Recording and Production News
Prism Sound equipment is the hub of The Lacquer Channel MasteringToronto, Canada: Mastering engineer Phil Demetro has made a significant investment in Prism Sound equipment, which he describes as the hub of his entire mastering chain.
Mastering engineer Phil Demetro at The Lacquer Channel
Based at The Lacquer Channel (www.lacquerchannel.com) in Toronto, Demetro says: "I use a Prism Sound Dream DA-1 converter in my process chain and this provides Digital to Analog conversion to get Wav files off of my computer and into my analog console. Once there, my main AD is a Dream AD-2 Analog to Digital converter, which helps me get digitally back into the DAW. I then use a Dream DA-2 to monitor everything that is selected from my Dangerous Music Monitor section (my speakers/amp are fed by a Dream DA-2). Playing all of my multiple sources through this one DA has not only helped me do great sounding and consistent work, but it also enables me to easily know where I am at any given point."
Phil Demetro has worked at The Lacquer Channel since 1997, when he joined as an assistant to legendary chief mastering engineer George Graves. He spent many years tackling tape copy and production work and doing Q.C. on Masters before anything went out the door.
"Talk about ear-training! Everything was done in real time in those days and I had to make detailed notes on anything I heard that wasn't part of the recording or mastering process," he says. "It was serious and showed me about the "old-school care" in a big way."
When increased demand presented Demetro with the opportunity to become a mastering engineer in his own right, he jumped at the chance. That started a quest to put together the best mastering system he could with session money that he had saved. He asked a lot of questions about gear and researched the equipment lists of mastering engineers that he admired, in order to come up with a system that he really wanted.
Eventually Demetro was able to acquire the entire facility, which he now owns in conjunction with mastering engineer, Noah Mintz.
"We have two great sounding rooms and a lot of combined engineering experience among the staff," he explains. "The Lacquer Channel is Canada's oldest professional mastering facility and has been in operation for more than 35 years. The facility is still home to George Graves who has been mastering since the late 1960's and has worked with everyone from Peter Gabriel to Rush. Things just tend to sound good coming out of here - I really wouldn't want to have my mastering studio setup anywhere else."
The Lacquer Channel is consistently busy and in recent months Demetro and his team have worked on projects such as the new dual Hawksley Workman releases Milk and Meat, a release entitled Steel City Trawlers from Sarah McLaughlin's guitarist, Luke Doucet and a song from Metric called Eclipse (All Yours) that appears on The Twilight Soundtrack.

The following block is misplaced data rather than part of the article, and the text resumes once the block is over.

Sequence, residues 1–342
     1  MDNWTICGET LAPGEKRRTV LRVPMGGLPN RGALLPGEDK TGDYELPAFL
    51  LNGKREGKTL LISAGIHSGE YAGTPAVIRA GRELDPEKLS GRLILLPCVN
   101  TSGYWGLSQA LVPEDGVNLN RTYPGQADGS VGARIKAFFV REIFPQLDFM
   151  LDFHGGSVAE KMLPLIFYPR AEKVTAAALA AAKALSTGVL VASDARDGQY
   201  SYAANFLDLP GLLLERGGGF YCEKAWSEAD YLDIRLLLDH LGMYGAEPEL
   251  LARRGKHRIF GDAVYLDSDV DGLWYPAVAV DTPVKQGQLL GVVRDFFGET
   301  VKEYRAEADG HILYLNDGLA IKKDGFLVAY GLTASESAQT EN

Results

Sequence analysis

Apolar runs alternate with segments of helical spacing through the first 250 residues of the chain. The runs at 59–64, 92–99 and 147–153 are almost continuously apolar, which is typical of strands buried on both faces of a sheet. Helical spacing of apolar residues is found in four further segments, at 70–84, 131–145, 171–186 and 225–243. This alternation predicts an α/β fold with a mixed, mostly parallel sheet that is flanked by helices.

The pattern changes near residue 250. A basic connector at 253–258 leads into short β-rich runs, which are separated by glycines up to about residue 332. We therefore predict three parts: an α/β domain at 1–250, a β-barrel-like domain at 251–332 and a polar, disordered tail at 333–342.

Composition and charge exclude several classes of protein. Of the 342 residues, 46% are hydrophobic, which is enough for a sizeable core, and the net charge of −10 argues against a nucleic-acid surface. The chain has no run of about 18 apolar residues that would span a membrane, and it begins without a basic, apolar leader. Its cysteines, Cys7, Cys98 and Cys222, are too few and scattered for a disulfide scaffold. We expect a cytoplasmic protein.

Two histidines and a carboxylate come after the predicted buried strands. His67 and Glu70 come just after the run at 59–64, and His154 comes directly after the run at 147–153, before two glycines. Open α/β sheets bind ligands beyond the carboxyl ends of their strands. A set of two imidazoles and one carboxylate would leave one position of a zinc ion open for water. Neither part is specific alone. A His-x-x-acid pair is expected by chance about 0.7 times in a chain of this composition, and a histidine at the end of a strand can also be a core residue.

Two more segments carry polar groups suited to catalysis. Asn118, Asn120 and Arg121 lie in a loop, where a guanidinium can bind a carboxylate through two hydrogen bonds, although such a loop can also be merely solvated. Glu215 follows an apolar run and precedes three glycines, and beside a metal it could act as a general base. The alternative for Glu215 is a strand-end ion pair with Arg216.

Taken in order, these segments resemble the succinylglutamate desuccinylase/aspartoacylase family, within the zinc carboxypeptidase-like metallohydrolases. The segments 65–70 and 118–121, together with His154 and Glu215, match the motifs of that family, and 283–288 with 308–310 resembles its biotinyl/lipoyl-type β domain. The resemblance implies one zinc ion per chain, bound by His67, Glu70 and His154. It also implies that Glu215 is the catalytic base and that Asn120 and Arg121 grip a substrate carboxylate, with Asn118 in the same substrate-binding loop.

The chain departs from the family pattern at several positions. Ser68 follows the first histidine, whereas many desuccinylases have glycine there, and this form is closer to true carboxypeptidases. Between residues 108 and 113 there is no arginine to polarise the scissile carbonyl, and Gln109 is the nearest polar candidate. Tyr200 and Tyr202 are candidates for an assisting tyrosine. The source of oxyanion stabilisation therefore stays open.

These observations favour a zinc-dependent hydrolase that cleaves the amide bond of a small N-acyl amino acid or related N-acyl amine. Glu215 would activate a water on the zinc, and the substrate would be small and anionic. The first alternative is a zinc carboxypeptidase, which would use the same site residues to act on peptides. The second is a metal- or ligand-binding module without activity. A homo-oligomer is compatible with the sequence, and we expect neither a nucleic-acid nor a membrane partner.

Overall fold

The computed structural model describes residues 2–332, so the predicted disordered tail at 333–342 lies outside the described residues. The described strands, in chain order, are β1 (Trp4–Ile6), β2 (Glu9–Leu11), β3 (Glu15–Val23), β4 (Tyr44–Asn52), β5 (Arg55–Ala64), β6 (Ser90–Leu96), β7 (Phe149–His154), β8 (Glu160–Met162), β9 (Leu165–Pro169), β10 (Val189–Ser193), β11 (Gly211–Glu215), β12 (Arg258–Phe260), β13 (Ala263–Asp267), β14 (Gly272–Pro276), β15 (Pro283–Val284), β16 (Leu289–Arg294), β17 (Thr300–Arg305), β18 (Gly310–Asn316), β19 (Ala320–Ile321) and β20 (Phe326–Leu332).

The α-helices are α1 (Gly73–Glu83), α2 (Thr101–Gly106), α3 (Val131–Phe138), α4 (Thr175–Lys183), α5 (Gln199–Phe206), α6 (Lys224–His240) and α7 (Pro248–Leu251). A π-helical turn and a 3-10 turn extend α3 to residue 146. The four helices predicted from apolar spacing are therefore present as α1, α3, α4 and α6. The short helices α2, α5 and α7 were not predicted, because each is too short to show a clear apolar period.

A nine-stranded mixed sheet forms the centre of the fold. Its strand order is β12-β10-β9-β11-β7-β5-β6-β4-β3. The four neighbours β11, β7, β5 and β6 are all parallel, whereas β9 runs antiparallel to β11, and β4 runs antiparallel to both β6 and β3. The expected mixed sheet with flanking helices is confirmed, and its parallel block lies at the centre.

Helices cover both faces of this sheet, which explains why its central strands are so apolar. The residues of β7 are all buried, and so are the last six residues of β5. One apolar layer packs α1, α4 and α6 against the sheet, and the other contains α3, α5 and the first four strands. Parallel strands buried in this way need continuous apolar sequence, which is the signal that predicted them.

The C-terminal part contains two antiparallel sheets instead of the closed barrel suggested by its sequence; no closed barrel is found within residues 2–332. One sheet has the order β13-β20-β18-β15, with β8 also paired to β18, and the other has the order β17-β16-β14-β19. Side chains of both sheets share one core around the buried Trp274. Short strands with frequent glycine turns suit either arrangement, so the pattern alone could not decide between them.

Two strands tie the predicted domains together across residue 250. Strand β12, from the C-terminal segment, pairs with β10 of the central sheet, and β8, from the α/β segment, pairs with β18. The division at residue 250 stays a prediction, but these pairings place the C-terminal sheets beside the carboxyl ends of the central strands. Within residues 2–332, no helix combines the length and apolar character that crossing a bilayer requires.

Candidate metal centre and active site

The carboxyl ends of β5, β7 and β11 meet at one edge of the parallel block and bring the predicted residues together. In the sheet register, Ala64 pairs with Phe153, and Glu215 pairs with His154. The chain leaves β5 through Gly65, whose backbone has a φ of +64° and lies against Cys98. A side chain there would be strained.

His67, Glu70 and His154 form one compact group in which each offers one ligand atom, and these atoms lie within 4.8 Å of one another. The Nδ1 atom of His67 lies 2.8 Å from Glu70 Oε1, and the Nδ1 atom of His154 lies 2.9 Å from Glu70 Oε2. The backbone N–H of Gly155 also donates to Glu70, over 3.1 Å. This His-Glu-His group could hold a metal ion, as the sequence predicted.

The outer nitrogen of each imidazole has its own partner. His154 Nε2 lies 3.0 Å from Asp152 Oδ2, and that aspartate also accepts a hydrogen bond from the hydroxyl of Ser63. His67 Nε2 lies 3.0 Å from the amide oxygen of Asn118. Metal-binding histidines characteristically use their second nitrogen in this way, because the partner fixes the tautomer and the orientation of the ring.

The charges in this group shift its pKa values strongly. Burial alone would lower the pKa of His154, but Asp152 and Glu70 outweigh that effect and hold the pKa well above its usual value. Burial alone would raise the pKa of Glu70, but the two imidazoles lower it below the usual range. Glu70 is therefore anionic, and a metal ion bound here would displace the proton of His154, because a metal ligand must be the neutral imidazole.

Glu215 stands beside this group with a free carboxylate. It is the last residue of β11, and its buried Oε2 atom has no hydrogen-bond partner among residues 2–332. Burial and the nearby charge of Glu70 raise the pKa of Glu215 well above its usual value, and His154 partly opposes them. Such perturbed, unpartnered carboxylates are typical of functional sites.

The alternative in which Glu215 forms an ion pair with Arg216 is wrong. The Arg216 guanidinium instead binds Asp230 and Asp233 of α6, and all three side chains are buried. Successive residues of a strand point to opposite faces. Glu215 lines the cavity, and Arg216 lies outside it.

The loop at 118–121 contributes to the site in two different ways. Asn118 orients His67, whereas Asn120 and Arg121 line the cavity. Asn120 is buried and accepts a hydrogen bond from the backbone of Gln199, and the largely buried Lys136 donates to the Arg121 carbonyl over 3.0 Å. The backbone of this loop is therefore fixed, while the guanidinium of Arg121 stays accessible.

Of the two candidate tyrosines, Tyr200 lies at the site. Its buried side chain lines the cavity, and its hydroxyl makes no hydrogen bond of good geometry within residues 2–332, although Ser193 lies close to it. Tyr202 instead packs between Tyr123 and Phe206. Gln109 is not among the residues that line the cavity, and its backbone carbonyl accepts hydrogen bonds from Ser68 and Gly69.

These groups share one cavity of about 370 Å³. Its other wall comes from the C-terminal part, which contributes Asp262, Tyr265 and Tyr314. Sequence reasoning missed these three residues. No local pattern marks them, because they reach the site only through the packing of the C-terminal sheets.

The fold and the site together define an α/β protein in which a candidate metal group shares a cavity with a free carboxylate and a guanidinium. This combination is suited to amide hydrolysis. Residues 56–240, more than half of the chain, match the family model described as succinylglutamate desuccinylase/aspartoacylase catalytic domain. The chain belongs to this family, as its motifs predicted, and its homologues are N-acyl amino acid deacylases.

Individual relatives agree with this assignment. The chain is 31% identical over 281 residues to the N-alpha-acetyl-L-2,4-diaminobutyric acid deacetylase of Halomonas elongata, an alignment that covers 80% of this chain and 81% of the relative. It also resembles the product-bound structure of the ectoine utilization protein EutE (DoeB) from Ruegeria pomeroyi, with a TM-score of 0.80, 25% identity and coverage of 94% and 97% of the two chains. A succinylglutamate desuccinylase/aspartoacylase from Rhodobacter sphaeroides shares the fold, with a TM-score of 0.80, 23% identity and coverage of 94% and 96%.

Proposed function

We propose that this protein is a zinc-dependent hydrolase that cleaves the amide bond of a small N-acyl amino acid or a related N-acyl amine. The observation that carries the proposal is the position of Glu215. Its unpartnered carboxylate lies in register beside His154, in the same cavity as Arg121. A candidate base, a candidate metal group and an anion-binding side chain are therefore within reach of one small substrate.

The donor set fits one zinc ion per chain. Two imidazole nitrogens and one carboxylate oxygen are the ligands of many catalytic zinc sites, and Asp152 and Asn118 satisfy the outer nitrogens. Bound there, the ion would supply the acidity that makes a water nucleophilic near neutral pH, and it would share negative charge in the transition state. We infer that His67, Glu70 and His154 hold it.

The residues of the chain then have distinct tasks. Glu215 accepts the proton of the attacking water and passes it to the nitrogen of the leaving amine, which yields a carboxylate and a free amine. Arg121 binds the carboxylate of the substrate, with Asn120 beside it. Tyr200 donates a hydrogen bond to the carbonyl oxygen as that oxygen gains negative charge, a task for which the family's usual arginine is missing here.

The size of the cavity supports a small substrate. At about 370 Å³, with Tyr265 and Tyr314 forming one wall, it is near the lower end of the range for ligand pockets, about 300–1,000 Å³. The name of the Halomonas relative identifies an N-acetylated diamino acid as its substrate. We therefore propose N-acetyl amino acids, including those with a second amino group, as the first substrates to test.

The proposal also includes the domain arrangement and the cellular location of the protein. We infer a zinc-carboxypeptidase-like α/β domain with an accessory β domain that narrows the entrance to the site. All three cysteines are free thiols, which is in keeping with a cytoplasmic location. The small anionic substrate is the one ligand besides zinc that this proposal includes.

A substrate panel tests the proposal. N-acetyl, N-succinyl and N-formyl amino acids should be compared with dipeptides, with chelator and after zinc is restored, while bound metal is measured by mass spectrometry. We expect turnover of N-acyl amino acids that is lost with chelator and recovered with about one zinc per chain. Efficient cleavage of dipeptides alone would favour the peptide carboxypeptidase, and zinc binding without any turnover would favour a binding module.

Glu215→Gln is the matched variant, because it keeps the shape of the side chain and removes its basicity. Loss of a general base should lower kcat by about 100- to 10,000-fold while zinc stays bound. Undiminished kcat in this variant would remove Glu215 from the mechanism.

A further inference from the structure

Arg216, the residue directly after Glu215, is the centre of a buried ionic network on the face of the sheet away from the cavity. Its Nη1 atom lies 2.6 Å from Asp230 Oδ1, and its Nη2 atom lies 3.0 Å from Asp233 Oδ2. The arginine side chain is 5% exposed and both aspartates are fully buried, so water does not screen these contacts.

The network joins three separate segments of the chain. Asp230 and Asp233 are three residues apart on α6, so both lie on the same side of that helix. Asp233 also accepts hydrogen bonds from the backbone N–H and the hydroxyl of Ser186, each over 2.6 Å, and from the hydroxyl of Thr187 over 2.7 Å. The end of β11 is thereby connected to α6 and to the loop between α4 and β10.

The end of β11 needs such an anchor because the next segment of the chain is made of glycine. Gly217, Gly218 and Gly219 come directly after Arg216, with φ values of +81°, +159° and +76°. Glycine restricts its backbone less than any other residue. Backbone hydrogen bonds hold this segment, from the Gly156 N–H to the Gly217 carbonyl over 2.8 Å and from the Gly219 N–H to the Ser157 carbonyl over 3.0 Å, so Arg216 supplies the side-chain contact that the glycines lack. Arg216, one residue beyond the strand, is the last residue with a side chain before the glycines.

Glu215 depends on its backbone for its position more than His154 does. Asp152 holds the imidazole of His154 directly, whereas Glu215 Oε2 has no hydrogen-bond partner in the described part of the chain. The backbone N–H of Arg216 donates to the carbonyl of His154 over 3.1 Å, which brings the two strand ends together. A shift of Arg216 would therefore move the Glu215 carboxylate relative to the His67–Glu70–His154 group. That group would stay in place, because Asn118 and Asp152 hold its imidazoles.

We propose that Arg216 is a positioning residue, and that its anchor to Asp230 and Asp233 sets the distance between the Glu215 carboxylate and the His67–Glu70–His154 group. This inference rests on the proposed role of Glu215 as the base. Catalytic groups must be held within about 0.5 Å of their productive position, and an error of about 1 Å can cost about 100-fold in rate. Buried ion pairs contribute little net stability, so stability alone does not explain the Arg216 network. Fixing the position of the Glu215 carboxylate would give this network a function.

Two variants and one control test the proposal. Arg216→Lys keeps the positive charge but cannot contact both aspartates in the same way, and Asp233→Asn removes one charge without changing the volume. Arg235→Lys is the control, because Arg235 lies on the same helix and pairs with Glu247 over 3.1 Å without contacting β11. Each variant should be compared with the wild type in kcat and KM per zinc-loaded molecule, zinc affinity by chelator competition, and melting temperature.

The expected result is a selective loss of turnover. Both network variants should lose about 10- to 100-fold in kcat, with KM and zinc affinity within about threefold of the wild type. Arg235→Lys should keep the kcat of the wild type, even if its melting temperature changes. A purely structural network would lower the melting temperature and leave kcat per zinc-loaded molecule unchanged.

"Everything we do goes through the Prism Sound path and I remain astounded by the sound quality of these converters," Demetro says. "There is just this effortless, liquid presentation that features all the detail and image presentation I could ask for. I own and have owned other brands of converters but the Prism Sound equipment just allows me to get my sound faster and, in the case of the AD-2, allows me all the headroom I need to be competitive. I simply can't hit these hard enough - I can send enormous level to them and they won't fall apart - they just have this "hit sound" that everyone recognizes. What's more, since using these converters I have fewer clients asking for changes. It's never been easier to get the sound I'm looking for."
Demetro adds that it's not just audio fidelity that makes him such a Prism Sound fan. He also likes the fact that his equipment helps solve specific problems, particularly those associated with the requirement for different sampling rates.
He explains: "Every so often I need to output Masters with different sample rates for various destinations. This might be 16 bit/44.1KHz for CD or MP3, or quite often 16 bit/48KHz if the artist is shooting a music video. Naturally, outputting to higher rates like 88.2KHz or 96KHz is also common when the client wants to archive the Master at the highest resolution possible. The AD-2 does all of this, of course, and very easily, but what makes it stand above the competition is that I can output to various different formats or even multiple sample rates. There has been demand for 44.1KHz and 48KHz and I can output them both at the same time. Also, my mastering system is XLR Balanced, yet, I am still able to interface the commonly unbalanced equipment that the client often brings to the session. It just works. I can run multiple identical feeds to the various metering I have also. It's so convenient and transparent to my workflow that I've taken it for granted. The time it has saved is enormous - and it has helped me look like I know what I'm doing!"
Demetro has recently added a Maselec MLA-3 Tri-Band Compressor to his equipment list - an item that he describes as 'a great problem solver that should be the mainstay of every professional mastering facility'.
"It's a deep box but still very intuitive and great sounding," he explains. "I bought it because I recognized a need for more flexible compression because there is a lot of variety in the music that I work on, not to mention the radical energy (im)balances in mixes these days."
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